How to Make a Good Kiln Wash to Protect Your Kiln Shelves
Different Kinds of Kiln Shelves
Before I talk about kiln wash, I want to talk about kiln shelves.
The kiln shelves that I’ll be referring to in this article are high alumina kiln shelves. Alumina is highly refractory, meaning it melts at a super high temperature (cone 42) which makes it a good material for making kiln shelves.
High alumina kiln shelves are the beige coloured shelves that are sold with most electric kilns nowadays. They are the cheapest kiln shelves you can buy and they work well but are prone to warping after many high-temperature firings.
There are other kiln shelves out there that are lighter, don’t warp, are more expensive and don’t require kiln wash. Nitride-bonded-silicon-carbide shelves, for example, don’t require kiln wash because glaze won’t stick to them (magic!). If you have this kind of kiln shelf, you don’t necessarily need to worry about kiln wash.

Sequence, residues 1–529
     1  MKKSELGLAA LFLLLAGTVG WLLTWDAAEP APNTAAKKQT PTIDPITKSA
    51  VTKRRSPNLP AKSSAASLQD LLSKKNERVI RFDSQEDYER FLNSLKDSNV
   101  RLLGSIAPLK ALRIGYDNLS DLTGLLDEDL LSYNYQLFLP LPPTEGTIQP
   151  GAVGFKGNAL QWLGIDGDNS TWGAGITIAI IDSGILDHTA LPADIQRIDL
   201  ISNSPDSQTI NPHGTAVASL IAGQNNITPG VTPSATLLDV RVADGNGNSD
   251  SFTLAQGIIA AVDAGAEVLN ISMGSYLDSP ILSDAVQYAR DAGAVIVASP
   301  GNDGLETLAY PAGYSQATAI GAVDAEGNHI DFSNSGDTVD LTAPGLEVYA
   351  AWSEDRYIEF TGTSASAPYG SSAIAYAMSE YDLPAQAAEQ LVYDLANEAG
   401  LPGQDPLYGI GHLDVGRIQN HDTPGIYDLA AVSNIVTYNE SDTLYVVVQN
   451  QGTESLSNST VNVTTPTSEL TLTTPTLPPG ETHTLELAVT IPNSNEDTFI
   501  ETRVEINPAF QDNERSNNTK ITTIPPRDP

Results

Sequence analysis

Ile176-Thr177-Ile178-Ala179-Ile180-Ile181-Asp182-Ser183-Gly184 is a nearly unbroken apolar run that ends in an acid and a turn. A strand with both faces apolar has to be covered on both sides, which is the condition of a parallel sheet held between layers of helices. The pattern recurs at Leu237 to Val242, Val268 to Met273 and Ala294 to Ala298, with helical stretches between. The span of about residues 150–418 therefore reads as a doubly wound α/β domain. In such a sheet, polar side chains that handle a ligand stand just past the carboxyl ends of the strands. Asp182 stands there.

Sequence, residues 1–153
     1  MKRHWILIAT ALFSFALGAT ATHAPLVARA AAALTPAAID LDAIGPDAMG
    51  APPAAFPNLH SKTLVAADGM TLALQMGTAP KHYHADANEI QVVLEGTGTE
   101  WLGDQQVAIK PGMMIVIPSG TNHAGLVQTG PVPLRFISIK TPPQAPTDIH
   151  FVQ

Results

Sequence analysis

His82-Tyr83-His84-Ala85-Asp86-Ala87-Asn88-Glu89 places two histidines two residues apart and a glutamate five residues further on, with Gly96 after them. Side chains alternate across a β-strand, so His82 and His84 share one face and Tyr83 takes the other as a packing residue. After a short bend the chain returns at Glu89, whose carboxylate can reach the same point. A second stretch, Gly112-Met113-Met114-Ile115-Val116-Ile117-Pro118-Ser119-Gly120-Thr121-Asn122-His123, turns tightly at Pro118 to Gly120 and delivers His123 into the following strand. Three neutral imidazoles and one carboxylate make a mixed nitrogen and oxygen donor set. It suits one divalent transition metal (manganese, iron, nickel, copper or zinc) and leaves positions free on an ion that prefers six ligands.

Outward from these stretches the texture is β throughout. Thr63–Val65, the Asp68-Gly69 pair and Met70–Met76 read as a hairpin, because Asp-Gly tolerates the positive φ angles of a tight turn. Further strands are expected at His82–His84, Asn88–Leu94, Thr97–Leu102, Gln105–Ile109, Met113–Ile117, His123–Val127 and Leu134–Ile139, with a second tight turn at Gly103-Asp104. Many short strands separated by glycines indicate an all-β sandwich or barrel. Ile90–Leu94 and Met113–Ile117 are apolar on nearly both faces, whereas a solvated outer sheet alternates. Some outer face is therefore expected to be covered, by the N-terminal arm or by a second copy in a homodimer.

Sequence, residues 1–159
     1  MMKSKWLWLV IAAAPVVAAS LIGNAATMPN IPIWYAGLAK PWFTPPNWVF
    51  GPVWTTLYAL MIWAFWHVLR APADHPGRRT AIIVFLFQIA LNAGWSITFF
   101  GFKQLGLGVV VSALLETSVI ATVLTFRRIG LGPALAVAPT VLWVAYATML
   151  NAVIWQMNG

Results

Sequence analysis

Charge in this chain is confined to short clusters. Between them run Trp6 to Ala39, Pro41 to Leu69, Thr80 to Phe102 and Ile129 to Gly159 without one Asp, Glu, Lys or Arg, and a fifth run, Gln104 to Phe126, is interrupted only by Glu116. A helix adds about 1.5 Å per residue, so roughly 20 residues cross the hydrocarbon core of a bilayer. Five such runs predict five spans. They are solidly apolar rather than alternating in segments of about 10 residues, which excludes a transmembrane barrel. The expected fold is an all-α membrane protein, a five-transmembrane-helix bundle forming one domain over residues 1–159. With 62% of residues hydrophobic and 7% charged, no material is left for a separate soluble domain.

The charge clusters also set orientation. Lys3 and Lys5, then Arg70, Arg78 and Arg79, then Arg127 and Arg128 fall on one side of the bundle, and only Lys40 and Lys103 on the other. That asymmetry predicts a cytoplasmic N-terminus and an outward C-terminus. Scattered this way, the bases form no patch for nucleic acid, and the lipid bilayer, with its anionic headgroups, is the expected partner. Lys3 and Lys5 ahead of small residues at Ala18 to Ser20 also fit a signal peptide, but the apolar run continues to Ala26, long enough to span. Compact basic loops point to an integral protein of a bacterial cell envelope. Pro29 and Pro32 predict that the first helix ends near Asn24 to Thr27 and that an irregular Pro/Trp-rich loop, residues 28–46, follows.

But if you have high alumina kiln shelves like I do, using kiln wash is highly recommended.
High alumina kiln shelf without kiln wash
Kiln Wash Saves Our Kiln Shelves
Kiln wash is a material that you can paint onto your kiln shelves. It looks very similar to a glaze when being applied. It acts as a barrier to prevent unexpected glaze runs or drips from ruining your shelves.
Kiln shelves are made of a hard material that is similar to fired clay. If you don’t use kiln wash, any glaze that comes into contact with your kiln shelf gets absorbed and becomes permanently fused to it.
Glaze drips on unprotected kiln shelves
The only way to get the glaze off a bare shelf is to grind down the part of the shelf that the glaze has stuck to. This is a process that takes time, elbow grease and usually leaves your shelves gouged, bumpy and uneven.